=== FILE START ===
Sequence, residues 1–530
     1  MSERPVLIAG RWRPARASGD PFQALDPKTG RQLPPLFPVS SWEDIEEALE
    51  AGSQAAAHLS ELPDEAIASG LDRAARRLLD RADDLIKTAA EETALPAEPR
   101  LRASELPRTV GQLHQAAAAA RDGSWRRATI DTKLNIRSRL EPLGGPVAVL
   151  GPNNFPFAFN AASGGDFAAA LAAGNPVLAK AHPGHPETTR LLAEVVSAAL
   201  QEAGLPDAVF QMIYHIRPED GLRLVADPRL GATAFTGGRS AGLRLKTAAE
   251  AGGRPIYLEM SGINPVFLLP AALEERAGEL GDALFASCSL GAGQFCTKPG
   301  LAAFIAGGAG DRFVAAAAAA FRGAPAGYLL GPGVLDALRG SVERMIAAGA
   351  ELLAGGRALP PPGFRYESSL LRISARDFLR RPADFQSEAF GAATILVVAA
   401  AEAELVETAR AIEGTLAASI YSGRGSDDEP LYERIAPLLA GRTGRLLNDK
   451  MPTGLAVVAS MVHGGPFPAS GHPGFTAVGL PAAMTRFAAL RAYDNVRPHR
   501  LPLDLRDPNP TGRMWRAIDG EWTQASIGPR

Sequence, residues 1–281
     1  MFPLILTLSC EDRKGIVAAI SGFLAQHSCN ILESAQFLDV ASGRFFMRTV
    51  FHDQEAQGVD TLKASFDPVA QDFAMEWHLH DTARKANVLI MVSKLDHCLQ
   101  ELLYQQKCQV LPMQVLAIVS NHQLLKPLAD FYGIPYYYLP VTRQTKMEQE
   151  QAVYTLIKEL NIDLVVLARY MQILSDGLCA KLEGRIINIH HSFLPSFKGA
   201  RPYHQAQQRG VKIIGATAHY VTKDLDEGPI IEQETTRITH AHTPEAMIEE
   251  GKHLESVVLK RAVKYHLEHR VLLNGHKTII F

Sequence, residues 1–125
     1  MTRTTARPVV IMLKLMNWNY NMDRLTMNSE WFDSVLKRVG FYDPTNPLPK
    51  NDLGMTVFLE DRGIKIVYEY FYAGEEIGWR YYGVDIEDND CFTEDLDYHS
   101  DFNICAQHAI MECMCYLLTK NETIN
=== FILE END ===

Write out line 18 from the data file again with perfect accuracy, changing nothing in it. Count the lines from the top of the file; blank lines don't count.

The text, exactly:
   201  RPYHQAQQRG VKIIGATAHY VTKDLDEGPI IEQETTRITH AHTPEAMIEE